A Preppers Guide to Flooding

by Paul North

flooding public domain imageAlthough it may not be the apocalypse, flooding is a serious threat to many areas of the world. Floods can come unexpectedly and wreak havoc quickly so it is important to be as well prepared as possible for them. They can just as easily be caused by adverse weather conditions, such as the floods in the UK over the last couple of years, or unexpected accidents such as a burst dam. But how do you prepare for the unexpected?

Research your area

Whether it is somewhere you already live, and especially if it is somewhere you are potentially considering moving to, researching the potential flood conditions of an area are essential to determine how at risk you could be. In the UK you can obtain the flood history of any property from the Environment Agency for free (unless the report takes over 18 hours to put together when there is a small fee associated with it). In the US you can check if your home is near a flood plain by accessing FEMA’s Flood Map Service Centre. This is particularly useful if you are researching land to build a property on, and you can check as many different areas as you need to.

Have a plan

This may sound obvious but a lot of people who live in high flood risk areas accept this, and yet have no plan in place should the worst happen. Having a carefully considered plan can save you time and money in the event of a flood if you implement it quickly enough to alleviate any damage, or at least of the worst of it. Sandbags are often used to block doors and create a barrier against floodwater. The best time to get your sandbags is, or course, before a flood has hit so make sure you have a supply of these ready to be used. You will be able to respond quicker, resulting in less damage, if you have these at hand straight away. If you do not have any sandbags they can be made from old clothes and bed sheets, and filled with gravel or even dirt if that is all that is available.

If preventing the flood damage is not possible you should also have prepared to leave your property as quickly as you can, taking important possessions with you. This means having a bag of essentials prepared so you can leave quickly, as well as knowing where anything is that you may want to take with you on short notice and ensuring it is somewhere that can be easily reached as you leave. Remember that you may need to be away from home for days, or even week depending on how bad the damage is.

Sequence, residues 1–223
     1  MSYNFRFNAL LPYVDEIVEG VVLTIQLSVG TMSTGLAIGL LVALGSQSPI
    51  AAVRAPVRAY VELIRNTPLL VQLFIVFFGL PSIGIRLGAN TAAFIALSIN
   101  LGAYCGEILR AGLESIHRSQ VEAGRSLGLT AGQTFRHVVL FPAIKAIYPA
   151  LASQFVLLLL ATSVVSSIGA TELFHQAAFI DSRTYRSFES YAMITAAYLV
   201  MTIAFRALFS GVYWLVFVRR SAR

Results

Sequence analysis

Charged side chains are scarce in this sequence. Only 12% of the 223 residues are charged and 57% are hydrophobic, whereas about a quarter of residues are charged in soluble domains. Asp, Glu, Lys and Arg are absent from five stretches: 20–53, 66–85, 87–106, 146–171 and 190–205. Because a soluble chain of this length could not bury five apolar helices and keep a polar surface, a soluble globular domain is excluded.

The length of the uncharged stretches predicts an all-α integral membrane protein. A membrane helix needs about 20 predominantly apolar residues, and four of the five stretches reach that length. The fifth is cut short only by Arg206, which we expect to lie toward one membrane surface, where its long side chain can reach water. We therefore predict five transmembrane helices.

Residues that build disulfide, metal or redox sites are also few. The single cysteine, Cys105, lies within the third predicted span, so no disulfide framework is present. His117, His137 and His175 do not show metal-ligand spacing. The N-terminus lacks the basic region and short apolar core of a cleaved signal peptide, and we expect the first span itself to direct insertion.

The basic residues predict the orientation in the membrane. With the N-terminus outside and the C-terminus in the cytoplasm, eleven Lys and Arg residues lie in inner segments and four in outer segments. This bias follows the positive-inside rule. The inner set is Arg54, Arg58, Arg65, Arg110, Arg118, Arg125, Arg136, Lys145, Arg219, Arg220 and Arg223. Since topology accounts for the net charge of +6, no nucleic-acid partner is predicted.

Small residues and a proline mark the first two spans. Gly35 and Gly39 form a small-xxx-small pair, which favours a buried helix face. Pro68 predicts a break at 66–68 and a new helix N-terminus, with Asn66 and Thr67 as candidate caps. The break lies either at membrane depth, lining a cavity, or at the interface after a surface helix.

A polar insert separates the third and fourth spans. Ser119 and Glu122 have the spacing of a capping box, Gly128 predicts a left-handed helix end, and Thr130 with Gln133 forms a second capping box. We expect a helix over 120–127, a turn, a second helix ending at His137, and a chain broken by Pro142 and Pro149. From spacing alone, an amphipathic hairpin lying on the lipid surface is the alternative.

It is also important to plan and prepare for staying in your home in certain conditions. A flood may wipe out your water and electricity supply, even if the water itself doesn’t reach you. Having a well thought out stock of candles, lamps, drinking water and other supplies could make all the difference between continuing to live comfortably or having to leave your home. It is also important to have a supply of food in case you are stuck for any period of time. Tinned food is the best as it is not susceptible to flood damage like fresh food and can be kept and stored for long periods of time.

Essential items

As well as the obvious such as food and drinking water, there are several items that will make your life much easier if trapped in a flood. These include waterproof clothes, which will keep you comfortable and dry and waterproof containers for electrical items such as your mobile phones and torches. Torches are of course another essential item, as well as a small kit of medical supplies. Most homes will have a basic first aid kit but it worth keeping on top of this and making sure this is always well stocked and ready to be used. If anyone in the house takes regular medication that they cannot do without then you should also ensure there is always a good supply of this in the house.

All items, where possible, should be stored on the upper floor of the house as high as possible, in order to keep them away from any potential flood damage.


Whilst most people tend to be sensible enough to take out insurance for their home and contents, a lot of insurance policies do not cover floods. Instead of getting caught out, take the time to research your policy and if flood damage is not covered invest in a separate flood insurance policy too. Although you may not want to spend the extra money, if a flood does affect you then you could end up spending far more if you are not covered by a suitable policy. Having insurance in place will make your life easier during what is bound to be a stressful time.


As well as preparing for all eventualities of a flood you should prepare for the cleanup afterwards. Cleaning after a flood can be complicated. To begin with you may need to remove any loose dirt, rocks and other debris from your home. It can be muddy where the water has been and anything touched by the mud is contaminated and should be cleaned thoroughly or disposed of if this is not possible. Anything that can be salvaged should be cleaned and dried, making sure no trace of the floodwater remains. You will need to disinfect all surfaces so a good supply of bleach for this is essential, and any rugs, carpets or soft furnishings that have been damaged will probably need to be thrown out. No electricity should be used until it has been checked by a professional, and the foundations should be thoroughly checked for cracks and signs of any long term damage that may cause problems further down the line.